The sadness of her father’s situation is that despite his internationalism he can never return to his homeland and is forever wrenched from those to whom he was close.  His wandering becomes his family’s wandering.  Jane, on Crete, ‘almost Spain for my father’, looks at the locals and wonders what it is like to live in one place all your life (‘Elounda, Crete, 1966’).  Going back to Spain, her roots, is something that she, in different times and circumstances, can do, retracing landscapes Gustavo saw in war, now peaceful and fruitful but still holding the memories of conflict, ‘torn up grass’, ‘a cruel river’ (‘Spanish Civil War’).

She feels an instinctive connection with the land he knew, attempting in imagination to see it through the eyes of those who were there during the war.  She finds its detritus still scars the landscape: a crushed gas mask, an opened sardine tin marked 1938.  Such moments help her to slip back in time:  ‘But if I follow I will be with my father there./I will know who he was and I will mourn with him’ (‘To the Aragón Front’).  Trying to put herself in Gustavo’s shoes in her travels around Spain, at one point Jane feels exhausted and gets blisters (‘Research’), and this seems a connection, but of course it is only a faint echo of what he endured.

Many of the poems are recreations of ephemeral moments in the war: Republican recruits having lessons in how to build a trench; a child trying to fasten a man’s leggings as he prepares to leave for active service; drinking wine from a goatskin; celebrating the arrival of International Brigades reinforcements, representing fraternal solidarity and the knowledge that the Spanish people are not alone.  A woman walks across a square with a mattress on her head accompanied by a neatly-dressed boy; only at the end are we told that this is Barcelona, January 1939, and we realise that they are fleeing the rebels poised to enter the city.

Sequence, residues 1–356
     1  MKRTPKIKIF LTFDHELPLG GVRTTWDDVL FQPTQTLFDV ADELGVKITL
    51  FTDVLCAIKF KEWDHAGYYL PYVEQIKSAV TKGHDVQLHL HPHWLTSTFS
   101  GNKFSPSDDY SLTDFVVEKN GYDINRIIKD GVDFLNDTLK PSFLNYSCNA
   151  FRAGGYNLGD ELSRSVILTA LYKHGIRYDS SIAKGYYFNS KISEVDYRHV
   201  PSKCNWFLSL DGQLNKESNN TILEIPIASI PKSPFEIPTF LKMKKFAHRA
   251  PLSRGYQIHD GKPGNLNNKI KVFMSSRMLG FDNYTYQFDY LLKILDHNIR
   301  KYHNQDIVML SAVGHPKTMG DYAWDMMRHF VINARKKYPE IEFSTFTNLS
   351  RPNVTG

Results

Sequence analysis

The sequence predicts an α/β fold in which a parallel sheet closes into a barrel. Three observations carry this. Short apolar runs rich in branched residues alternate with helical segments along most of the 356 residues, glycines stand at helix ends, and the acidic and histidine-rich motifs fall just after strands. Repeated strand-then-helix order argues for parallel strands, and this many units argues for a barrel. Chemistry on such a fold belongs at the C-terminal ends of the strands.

Later poems deal with the defeat: the sound of executions; villagers spat on as they return from concentration camps in 1943; and of course exile.  All these snapshots evoke what it was like to be there.  Jane is accompanied, or imagines that she is, by someone returning after a long time away so that she can see it through their eyes – ‘After so many years away … what do you still remember/of the massacre?’ (‘Eye Witness’).  But this recreation only goes so far; memories can only be ‘almost retrieved’, however hard one tries.